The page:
OLR Research Report

March 9, 2005




By: Saul Spigel, Chief Analyst

You asked whether any existing state programs could help develop nanotechnologies.


In the 1990s, the legislature created several technology-related programs that could be adapted to, or serve as models for, developing nanotechnologies. (Nanotechnologies manipulate chemical and biological matter at the atomic level, giving them new properties that can lead to new products or applications. For this reason, nanotechnologies cut across different scientific and engineering fields.) These programs were aimed at fostering university-business research collaborations, encouraging students to enter technology fields, helping companies produce and deploy new technologies, and financing start-up technology companies and laboratory construction. Several fell dormant within a few years, but some are ongoing; these latter are administered by Connecticut Innovations, Inc., (CII). Much of CII's current emphasis appears to be in the biosciences.


Yankee Ingenuity Technology Competition

The law establishes a high technology research and development program to promote collaboration between businesses and the state's colleges and universities in advanced materials, aerospace, energy and environmental systems, information technology, applied optics, microelectronics, and other high technology fields (CGS 32-41t and u). CII sponsors an annual competition to develop and commercialize products or processes that could significantly contribute to the state's long-term economic growth. It has earmarked $1.5 million for the 2005 competition. Proposals applying nanotechnologies would appear to be eligible in many of these categories.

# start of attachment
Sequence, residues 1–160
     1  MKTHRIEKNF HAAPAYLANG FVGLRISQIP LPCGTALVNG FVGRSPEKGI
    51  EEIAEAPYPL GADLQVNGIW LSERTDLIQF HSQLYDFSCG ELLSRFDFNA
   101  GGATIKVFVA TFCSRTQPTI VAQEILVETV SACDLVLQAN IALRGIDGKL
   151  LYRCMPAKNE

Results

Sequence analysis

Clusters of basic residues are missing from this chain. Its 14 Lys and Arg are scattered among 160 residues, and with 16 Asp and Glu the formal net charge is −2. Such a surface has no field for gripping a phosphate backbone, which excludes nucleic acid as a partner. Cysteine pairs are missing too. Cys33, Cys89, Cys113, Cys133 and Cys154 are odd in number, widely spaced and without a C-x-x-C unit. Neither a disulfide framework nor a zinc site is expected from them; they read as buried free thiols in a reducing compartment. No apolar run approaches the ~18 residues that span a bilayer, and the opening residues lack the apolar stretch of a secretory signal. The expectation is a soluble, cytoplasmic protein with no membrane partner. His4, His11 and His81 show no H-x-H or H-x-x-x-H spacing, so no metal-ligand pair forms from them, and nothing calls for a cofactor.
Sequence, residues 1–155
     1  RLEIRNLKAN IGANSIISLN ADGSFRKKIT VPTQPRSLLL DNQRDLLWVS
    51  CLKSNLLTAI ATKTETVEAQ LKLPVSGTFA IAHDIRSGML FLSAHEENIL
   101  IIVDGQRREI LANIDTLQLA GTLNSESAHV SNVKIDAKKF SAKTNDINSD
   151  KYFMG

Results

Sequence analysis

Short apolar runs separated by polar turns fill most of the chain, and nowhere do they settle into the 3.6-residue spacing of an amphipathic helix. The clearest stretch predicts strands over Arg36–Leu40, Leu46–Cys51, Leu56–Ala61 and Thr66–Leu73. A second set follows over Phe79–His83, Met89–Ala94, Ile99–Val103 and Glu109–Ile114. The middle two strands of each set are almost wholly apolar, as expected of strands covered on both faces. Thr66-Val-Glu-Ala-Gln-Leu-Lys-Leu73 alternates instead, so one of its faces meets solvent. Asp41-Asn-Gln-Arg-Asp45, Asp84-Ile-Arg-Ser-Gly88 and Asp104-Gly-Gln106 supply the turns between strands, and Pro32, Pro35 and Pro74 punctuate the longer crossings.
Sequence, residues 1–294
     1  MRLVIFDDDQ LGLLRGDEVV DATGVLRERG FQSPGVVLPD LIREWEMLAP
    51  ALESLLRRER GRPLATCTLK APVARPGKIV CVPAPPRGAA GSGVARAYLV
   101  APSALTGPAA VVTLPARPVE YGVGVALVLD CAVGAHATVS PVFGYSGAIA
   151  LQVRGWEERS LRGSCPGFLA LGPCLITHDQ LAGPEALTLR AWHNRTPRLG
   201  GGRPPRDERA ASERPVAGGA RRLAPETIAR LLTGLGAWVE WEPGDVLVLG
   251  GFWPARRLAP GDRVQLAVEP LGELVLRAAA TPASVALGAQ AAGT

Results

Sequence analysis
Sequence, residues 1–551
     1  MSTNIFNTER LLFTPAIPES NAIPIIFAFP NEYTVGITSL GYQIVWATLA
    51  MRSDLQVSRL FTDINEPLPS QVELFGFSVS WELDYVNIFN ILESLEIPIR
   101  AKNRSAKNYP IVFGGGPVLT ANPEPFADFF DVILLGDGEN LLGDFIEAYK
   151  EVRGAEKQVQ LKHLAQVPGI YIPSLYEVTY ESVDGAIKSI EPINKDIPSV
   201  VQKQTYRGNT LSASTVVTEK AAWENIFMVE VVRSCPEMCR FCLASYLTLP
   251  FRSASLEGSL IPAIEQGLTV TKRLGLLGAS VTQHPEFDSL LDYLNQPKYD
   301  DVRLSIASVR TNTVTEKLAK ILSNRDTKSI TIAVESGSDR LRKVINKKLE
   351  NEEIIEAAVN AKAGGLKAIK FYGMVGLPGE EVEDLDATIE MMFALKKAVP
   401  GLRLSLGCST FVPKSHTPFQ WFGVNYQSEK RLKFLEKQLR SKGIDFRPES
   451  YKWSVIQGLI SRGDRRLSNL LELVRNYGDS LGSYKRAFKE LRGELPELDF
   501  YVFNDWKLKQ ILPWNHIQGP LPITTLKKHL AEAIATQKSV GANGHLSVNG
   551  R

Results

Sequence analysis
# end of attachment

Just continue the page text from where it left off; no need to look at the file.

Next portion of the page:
Faculty and researchers engaged in applied research and development at eligible institutions and scientists from one or more eligible businesses can jointly submit proposals. They can receive up to $300,000 for projects that can take up to two years. Proposals must demonstrate a substantial partnership between academe and industry. Colleges must agree to share with CII any royalties or equity they realize from a commercially successful proposal. Businesses must make substantial cash and in-kind contributions, which vary depending on their workforce size. More information is available at Yankee Ingenuity.

Advanced Technology Centers

In 1991, the legislature authorized CII to fund advanced technology centers based on cooperative research arrangements involving business, university, and government agencies. To receive funding, centers had to show that they had a good chance of producing fundamental technological advances with commercial applications, have a plan to help businesses benefit from these advances, and stimulate business development and long-term job growth. Businesses and universities were also expected to invest in the centers, and the centers were expected to give the state a return on its bond investment by granting the state patent rights, royalties, or other returns (CGS 32-40a-40c).


Technology Scholar Program

PA 00-187 permitted CII to establish financial programs to attract and retain Connecticut residents to study science, engineering, math, and other technology-related disciplines in college. CII's technology scholar program awards scholarships to high school seniors in the top 20% of their graduating class who major in science or technology at a Connecticut two-or four-year college, maintain a B average, and agree to work in Connecticut for two years after graduation. Awards are $500 per semester for the first two years and $2,500 per semester for the last two years.

Scholarship recipients can also participate in a leadership program that helps them prepare for the work environment. The program, which takes three to four days, features team building, leadership training, and business and personal development components. Technology scholars can also participate in a CII-sponsored business internship program.